Tuesday, June 24, 2008 at 04:34 PM


Stephen “Trib” Collins "Slouching toward intertwingularity - the power of participatory culture."
on parents worrying that their kids are spending too much time online "Don't fret. He's probably adding value." Claimed if employers didn't loosen their grip on access to social media websites like Facebook, Gen Y will not choose to work for them.

Bronwen Clune "Why the world needs citizen journalism."
She challenged us to "Make a difference." but I'm not entirely sure what that was in relation to, or anything else she said.

Matt Bateman - "Where is the money in online advertising in Australia?"
He said he'd tell us where the money is and where the trends are.
The Money is in advertising.
The trend is to behavioural targeting of advertising.

Mish comment > Genius! Didn’t see that one coming. Sheesh!

Mark Jones "The Social Capital Revolution"
He let us know business's true value is in their people's knowledge. By business appearing open and transparent via social media such as Facebook, Twitter, blogs etc. they will grow and retain their customer base. He didn’t provide any evidence of this apart from a couple of vague references to assumed knowledge of such.

Stuart Clarke homepagedaily.com
Talked about the new business model around his .com startup. Didn’t sound like anything new to me. Get investors to pony up all the dosh, get a site online, grow it, after a while: whack advertising onto it.

Kate Carruthers "Digital Marketing and Strategic Foundations"
She urged people to "jump in" to the online opportunities. To start small, experiment, play with the media, mix and match. Learn. She said the key to any endeavour, online and off, was to "know your audience" and "build relationships".

Joanna White "What's happening to the quality of journalism?"
Seemed to talk about the quality of news online - not really sure what she was on about.

Ben Gerhold "10 steps to becoming an internet mogul and avoiding the receivers."
I think this was supposed to be clever and witty - I got really bored with this really quickly and stopped listening after number 2.

Janine Carhill "Beyond Web 2.0 - gentle whispers of the future"
Didn't touch on the "future" at all - unsubstantiated and pointless comments like "Get on FaceBook now! if you don't, you're behind. And it will bite you in the bum!" Couldn’t make much sense of what she was trying to say (except that she has less friends than her other friends - which meant what exactly?).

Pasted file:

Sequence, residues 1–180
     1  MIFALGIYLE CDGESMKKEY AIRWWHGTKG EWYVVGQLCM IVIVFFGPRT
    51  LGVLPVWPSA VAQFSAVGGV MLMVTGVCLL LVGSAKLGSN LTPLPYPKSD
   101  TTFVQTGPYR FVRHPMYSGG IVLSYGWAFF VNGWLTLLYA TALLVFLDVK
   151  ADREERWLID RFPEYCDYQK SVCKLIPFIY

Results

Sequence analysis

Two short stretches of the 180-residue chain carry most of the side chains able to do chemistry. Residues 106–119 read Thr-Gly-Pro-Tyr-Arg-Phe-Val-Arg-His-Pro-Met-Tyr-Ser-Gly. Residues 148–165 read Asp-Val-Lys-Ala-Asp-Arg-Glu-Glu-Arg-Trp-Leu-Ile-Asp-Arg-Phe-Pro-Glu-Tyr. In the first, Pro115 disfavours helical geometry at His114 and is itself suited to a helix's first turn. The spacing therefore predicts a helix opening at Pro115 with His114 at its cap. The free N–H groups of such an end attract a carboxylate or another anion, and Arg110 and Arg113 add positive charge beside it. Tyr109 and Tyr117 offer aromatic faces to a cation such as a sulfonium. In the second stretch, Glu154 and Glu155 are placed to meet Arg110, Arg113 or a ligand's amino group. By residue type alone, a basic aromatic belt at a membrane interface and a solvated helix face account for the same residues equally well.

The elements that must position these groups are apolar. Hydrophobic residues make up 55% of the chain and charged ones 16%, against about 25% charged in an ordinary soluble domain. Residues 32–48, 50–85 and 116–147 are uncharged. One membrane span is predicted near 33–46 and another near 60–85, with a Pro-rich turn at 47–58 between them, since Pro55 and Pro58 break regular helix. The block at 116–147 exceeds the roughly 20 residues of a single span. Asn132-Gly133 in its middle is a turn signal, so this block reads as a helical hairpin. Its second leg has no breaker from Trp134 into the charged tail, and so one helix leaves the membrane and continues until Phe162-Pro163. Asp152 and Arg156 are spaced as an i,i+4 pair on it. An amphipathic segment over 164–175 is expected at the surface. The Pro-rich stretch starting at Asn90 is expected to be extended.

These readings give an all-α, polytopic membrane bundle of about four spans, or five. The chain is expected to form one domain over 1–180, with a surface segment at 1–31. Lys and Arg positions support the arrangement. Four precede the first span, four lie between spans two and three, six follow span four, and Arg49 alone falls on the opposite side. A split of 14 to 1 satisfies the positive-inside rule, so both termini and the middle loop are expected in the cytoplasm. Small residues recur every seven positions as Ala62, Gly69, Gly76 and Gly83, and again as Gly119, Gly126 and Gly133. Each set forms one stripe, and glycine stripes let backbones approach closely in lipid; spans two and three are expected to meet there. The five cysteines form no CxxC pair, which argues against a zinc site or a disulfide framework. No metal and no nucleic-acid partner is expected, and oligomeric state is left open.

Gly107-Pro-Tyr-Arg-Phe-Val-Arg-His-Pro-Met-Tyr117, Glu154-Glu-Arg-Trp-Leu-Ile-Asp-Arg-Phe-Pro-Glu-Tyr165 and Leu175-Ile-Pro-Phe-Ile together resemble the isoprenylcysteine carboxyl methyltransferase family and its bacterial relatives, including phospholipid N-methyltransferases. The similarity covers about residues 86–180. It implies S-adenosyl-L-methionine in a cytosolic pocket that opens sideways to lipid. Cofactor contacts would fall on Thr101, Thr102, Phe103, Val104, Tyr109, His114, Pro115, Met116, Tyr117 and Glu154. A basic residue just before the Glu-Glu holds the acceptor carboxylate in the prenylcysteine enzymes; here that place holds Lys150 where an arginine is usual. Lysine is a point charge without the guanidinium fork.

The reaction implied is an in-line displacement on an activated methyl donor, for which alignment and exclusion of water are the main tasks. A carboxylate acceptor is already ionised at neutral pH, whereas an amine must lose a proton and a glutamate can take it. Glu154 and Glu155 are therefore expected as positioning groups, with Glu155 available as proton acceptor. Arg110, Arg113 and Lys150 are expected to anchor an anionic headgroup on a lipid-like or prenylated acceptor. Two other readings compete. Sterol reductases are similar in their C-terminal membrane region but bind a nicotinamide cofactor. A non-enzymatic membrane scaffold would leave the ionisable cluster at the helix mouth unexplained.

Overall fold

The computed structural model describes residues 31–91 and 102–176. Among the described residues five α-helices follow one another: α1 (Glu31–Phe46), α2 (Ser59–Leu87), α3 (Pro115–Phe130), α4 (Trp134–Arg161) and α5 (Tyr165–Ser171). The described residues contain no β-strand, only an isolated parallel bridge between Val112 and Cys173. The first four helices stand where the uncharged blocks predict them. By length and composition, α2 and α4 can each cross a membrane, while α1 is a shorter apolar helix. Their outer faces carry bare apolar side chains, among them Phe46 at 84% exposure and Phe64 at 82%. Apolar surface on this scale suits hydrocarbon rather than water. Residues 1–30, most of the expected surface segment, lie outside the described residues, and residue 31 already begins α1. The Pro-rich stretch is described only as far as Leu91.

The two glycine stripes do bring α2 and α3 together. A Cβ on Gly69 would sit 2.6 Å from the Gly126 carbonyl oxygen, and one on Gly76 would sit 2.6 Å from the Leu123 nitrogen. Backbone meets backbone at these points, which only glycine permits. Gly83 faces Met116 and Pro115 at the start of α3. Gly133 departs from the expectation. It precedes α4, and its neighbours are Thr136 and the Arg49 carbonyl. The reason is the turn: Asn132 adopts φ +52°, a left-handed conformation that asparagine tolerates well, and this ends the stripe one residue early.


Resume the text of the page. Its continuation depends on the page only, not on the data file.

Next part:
Tim Noonan "Web 2.0 Friend or Foe to 1/5 Australians?"
Claimed one in five Australians have or will have a disability, and those disabilities often mean exclusion from online social media due to the "noise" of website code and design. Urged developers to bring accessibility from the "nice to have" list in a web project to "fundamental core" during the planning stage.

Panel Discussion
How Media companies are dealing with the challenges of this new world – including traditional media, online media and hybrid ventures. This turned into a circular, pointless, unproductive discussion about newspapers vs the web and how to make money from taking newspapers online.

The Great Debate
“That the new world of media choice is a dagger to the hearts of producers and creators alike.” More of the same.

Unconference Sessions:

Session C: Gentle Whispers of the Future with Janine Cahill leading a discussion “examining the technologies creating the spaces where convergence happens.” Mostly the group who gathered shared experiences about online lives, associations, theories while Ms Cahill tried to talk about the “future” but she couldn’t even think outside her own idea of “computer” (she could barely work the one she had). She mentioned Second Life as an example of where the internet was heading, and when questioned as to why people would want to experience virtual worlds she answered “To make money.” She finished by showing a very strange and seemingly pointless series of photos of a multimedia installation with no context whatsoever.

Session B: Social Computing and Participatory Culture led by Stephen “Trib” Collins. He asked the question “How can we go about changing our workplaces who are resistant to social media?” (or something along those lines) the discussion was formless, dominated by a clique of well heeled opinions, and quickly veered off topic to never return. Rapidly reduced to a pissing competition to see who could drop the biggest company name. Does the CIA trump IBM? I wish I’d brought a gun to this cock fight.

Session A: Discussion led by Tim Noonan was a chance to speak with a blind man who accesses the internet. He answered questions on accessibility, markup, page structure preferences, online roadblocks and obstacles to information, sex and puppies.

Pub Afterwards: